Customer Reviews

4.8 out of 5 stars
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See all 45 customer reviews
This calibre of this album is very high indeed.
Amazon Customer
In 2003 Motown rereleased the album on CD with a slew of bonus tracks that were pulled from the Motown archives and are heard here for the first time.
Terrance Richard
The best three Diana Ross albums were all mainly written by and certainly produced by Valerie Simpson and Nick Ashford.
David Rigby

Most Helpful Customer Reviews

18 of 19 people found the following review helpful By A Customer on March 7, 2003
Format: Audio CD
Judging by the general lack of availability and Motown's reluctance to reissue the vast majority of Diana Ross' original albums on CD, anyone could be easily forgiven for thinking of her as a singles artiste. How many soul divas of comparable stature do you know whose product has been given such short shrift ? All of Aretha's Atlantic albums (except for the last few that were [bad]) has been reissued by Rhino. But to be honest, Diana didn't make THAT many albums that were classics or stood the test of time. One of the few exceptions was her debut album, which today sounds astoundingly like a landmark album. It isn't revisionist romanticism that has altered these perceptions over the years but simply the realisation that given sympathetic material and the right production values, Diana was untouchable, sublime. Ashford and Simpson were a dream team for her.
"Reach Out And Touch Somebody's Hand" didn't quite catch fire when it first launched her solo career in 1970 but like good wine, it has aged really well and become her concert anthem. Her remodelled "Ain't No Mountain High Enough" was a scorcher and gave her an instant #1 smash, though not without the benefit of some nifty studio editing which transformed the rather loose and sprawling six-minute version heard here on the album into a tight three minute masterpiece. They were right to drop the spoken second verse. "These Things Will Keep Me Loving You" may have been in the running as Diana's debut single but though a great song, it's so similar to the Diana-led Supreme swansong "Someday We'll Be Together" - down to the distinctive male background vocal - it would have scuttled Berry Gordy's plans to disassociate her from her past glory days as the lead Supreme and establish the foundation for a fresh new career.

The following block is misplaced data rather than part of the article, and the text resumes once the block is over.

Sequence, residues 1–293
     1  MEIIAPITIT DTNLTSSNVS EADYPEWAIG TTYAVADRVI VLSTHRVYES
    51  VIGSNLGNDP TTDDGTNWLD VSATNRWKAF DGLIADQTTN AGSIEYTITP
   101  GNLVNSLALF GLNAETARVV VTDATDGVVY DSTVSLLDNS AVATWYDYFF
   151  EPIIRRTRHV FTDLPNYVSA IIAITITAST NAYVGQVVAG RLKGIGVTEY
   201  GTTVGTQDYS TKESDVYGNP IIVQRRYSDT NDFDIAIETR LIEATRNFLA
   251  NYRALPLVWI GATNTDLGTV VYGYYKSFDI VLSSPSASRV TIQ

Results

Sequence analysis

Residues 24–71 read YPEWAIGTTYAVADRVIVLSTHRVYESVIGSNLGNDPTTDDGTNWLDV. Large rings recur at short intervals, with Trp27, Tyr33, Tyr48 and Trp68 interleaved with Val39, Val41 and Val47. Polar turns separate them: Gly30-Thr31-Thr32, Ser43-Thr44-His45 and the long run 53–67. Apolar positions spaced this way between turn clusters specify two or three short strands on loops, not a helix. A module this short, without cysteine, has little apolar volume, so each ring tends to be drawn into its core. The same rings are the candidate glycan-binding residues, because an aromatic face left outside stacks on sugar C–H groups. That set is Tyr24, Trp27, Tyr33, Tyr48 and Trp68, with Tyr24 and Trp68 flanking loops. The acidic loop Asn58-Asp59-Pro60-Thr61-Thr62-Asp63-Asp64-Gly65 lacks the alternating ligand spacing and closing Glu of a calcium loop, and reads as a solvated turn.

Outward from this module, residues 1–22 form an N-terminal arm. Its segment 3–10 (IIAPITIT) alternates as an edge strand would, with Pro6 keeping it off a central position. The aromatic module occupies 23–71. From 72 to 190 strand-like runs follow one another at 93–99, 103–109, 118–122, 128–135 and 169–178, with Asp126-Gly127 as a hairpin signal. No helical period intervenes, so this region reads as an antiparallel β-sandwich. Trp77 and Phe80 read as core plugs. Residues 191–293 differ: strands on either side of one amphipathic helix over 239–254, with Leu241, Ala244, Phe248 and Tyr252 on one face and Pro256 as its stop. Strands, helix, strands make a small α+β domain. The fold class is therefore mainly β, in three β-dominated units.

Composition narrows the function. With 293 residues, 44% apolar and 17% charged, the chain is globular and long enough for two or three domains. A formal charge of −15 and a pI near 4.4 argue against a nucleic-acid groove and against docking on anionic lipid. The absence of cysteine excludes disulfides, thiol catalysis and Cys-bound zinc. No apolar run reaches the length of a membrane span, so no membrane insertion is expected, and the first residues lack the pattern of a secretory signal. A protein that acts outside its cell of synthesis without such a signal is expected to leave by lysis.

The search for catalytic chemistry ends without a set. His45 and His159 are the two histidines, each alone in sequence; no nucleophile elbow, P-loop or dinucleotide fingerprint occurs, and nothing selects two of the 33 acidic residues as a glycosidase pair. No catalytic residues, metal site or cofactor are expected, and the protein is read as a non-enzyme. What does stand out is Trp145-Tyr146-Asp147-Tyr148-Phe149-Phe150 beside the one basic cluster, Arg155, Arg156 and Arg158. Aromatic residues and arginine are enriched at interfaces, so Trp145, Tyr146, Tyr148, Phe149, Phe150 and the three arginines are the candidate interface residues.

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11 of 11 people found the following review helpful By Ian Phillips on March 30, 2005
Format: Audio CD
On the 15 January, 1970 at the prestigous Las Vegas Frontier Hotel, Diana Ross played her final concert with The Supremes - who remain the worlds biggest female vocal group of all time. At Ross' fawell concert she introduced her replacement Jean Terrell up on stage. The media then inevitably hyped up supposed competition between Diana Ross the solo star and The "New" Supremes. Indeed Ross opened up her first solo engagement with the words "Good evening ladies and gentleman and welcome to the lets see if Diana Ross can make it on her own show". She need not have worried!

Diana Ross' solo career had been initially planned as far back as 1966 and rumours had been circulating in the media for quite some time about her imminent departure from the group.

In 1969, when still offically a supreme, Ross recorded four tracks with Bonie Howes - Time And Love (originally intended as Ross' debut and later re-recorded by the "new" Supremes and then by the legendary Barbara Streisand), Stoney End, The Interim and Love, Lines, Angles And Rhymes. These four startling tracks steered Ross far away from her style and sound with The Supremes - too far as Motown boss Berry Gordy was concerned!

Deciding to play it safe as to not totally alienate Ross' mainstream buying public. Berry Gordy appointed the hot, genius duo Ashford and Simpson to be at the creative helm of Ross' debut solo album.